She dressed as a man to fight in the American Revolution

Matt Saintsing
March 08, 2019 - 3:15 pm

Courtesy Massachusetts Historical Society

As the Revolutionary War was raging, Robert Shurtleff joined the Fourth Massachusetts Regiment, scouting enemy British troops and equipment. 

In June of 1782, he led 30 other men in a battle against an outnumbered force of Red Coats and conducted a raid on an occupied home capturing 15 enemy soldiers. He was also shelled at Yorktown. 

Shurtleff served in the Continental Army for 17 months until being handed an honorable discharge from Gen. George Washington. 

National Archives photo

Except the hero known as Robert Shurtleff, was a woman by the name of Deborah Sampson who disguised herself as a man so she could fight for her country’s independence. 

Sampson was born December 17, 1760, in Plympton, Massachusetts, not far from Plymouth. When her father, Jonathan Sampson Jr. left when she was five years old, her mother—financially struggling with six other children—decided to scatter them throughout New England. 

By age 10, Sampson was living as an indentured servant on a farm in Middleborough. 

By 1782, the allure of military life became too much to bear, but she knew as a woman her choices were limited. That’s when she decided to cross-dress as a man. In the spring of that year, she fashioned a man’s coat, waistcoat and breeches—which are similar to Colonial Era knickers. 

Sampson was injured twice in combat, the first being a sword wound to her head, from which she fully recovered. She later removed a bullet from her thigh—on her own. 

It was only when the disease-riddled reality to Revolutionary camp life caught up with her that a doctor discovered she was, in fact, a woman while treating her for a fever outside Philadelphia. 
General Washington was adamant about having a male-only camp. When he offered her a discharge, he didn’t utter a word about her service. 

Upon returning to Massachusetts, Sampson was a prolific writer and traveled around New England, sometimes in full military garb and often demonstrating tactics she learned from the battlefield. 

She married Benjamin Gannett in April of 1795, they had three children. Although they ran a small farm in Sharon, Mass., they lived a life in destitute. Facing mounting financial pressure, Sampson, with the help of her husband applied for her military pension. Congress denied it.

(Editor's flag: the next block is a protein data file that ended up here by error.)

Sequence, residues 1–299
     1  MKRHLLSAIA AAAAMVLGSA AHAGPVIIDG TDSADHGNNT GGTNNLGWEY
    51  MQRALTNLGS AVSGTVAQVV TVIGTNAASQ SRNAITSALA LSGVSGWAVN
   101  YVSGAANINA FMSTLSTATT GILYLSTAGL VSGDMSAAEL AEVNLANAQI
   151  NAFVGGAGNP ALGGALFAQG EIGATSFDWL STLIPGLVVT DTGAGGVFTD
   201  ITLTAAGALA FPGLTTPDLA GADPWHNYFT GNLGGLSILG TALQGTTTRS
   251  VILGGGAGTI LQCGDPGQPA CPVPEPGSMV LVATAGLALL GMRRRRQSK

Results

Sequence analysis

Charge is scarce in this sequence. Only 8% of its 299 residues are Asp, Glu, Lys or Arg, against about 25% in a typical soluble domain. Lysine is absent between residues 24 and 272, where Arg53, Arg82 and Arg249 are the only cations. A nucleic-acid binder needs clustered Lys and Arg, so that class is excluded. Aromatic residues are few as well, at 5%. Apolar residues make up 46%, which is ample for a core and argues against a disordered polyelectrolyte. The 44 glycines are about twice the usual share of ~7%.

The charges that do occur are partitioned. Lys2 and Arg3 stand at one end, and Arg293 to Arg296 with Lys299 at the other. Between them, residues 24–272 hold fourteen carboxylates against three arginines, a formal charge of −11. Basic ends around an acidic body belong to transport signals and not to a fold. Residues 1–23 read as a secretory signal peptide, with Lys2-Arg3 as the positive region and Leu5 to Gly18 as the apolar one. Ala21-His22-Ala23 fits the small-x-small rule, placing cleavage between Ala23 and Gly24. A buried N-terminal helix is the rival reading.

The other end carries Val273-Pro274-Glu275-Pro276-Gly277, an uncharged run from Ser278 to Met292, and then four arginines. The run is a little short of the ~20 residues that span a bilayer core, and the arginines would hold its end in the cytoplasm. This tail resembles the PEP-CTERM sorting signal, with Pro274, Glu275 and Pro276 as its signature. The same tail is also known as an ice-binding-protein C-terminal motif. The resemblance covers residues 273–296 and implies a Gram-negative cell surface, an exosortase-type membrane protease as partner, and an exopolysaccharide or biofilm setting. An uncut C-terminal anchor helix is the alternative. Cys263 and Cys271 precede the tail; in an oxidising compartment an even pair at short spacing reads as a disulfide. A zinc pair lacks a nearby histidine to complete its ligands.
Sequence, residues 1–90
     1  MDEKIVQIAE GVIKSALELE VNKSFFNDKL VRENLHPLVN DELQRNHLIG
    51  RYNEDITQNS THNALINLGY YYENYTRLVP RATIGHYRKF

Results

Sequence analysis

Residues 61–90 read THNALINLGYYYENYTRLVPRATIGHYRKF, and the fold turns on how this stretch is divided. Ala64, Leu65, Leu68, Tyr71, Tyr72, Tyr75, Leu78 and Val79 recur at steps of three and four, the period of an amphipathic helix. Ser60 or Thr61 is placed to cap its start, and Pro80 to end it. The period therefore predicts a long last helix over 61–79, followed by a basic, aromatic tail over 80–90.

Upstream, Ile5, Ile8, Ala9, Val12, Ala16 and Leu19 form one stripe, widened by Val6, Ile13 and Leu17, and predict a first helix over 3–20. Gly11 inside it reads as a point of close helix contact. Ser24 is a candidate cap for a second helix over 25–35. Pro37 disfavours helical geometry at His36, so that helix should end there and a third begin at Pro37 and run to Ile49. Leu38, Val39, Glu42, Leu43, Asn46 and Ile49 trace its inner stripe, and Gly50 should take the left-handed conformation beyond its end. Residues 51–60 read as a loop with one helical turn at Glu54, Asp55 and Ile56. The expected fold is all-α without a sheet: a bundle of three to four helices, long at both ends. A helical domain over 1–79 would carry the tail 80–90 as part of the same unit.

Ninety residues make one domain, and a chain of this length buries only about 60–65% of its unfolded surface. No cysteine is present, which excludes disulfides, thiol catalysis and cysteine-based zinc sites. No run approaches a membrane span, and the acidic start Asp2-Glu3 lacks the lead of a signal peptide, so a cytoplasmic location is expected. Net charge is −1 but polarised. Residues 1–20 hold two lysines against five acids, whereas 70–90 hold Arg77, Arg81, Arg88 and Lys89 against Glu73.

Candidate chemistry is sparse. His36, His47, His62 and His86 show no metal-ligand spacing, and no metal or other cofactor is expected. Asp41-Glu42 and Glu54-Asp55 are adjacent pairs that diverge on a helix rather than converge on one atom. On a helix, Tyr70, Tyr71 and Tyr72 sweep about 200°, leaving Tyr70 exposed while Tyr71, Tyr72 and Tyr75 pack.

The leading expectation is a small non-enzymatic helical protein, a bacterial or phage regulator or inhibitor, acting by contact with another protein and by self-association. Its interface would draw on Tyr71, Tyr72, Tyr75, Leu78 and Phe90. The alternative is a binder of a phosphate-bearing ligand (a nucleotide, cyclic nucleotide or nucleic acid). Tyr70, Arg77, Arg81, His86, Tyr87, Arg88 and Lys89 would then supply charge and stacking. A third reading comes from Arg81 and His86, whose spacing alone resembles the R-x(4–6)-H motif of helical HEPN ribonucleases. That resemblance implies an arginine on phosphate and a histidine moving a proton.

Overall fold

Monetary compensation for her service would not come until 21 years later when Paul Revere became her advocate. 

Writing to William Eustis, a Massachusetts Congressman, in 1804, Revere writes, “She told me, she had no doubt that her ill health is in consequence of her being exposed when She did a Soldiers duty; and that while in the Army, She was wounded.” 

He continues, “I think her case much more deserving than hundreds to whom Congress have been generous.” 

RELATED: 5 vintage recruiting posters that encouraged women to enlist

Revere’s words were met with action, and Sampson has the honor of being just two women who fought in the Revolutionary war to receive a military pension, about $4 a month, or about $104 today. She died

A statue in her honor stands the town of Sharon showing her true identities by combining her military uniform with civilian clothing. 

RELATED: They were the first: How these military women smashed glass ceilings

Statue of Deborah Sampson at the Sharon Massachusetts Public Library.
Photo Courtesy of Massachusetts Historical Society

Today, a bill carries her name, the Deborah Sampson Act, which would eliminate barriers to care and services that many women veterans face. It would also help ensure the VA can address the needs of women who are more likely to face homelessness, unemployment and go without much-needed health care.

RELATED: New bill aims to provide women equitable VA care

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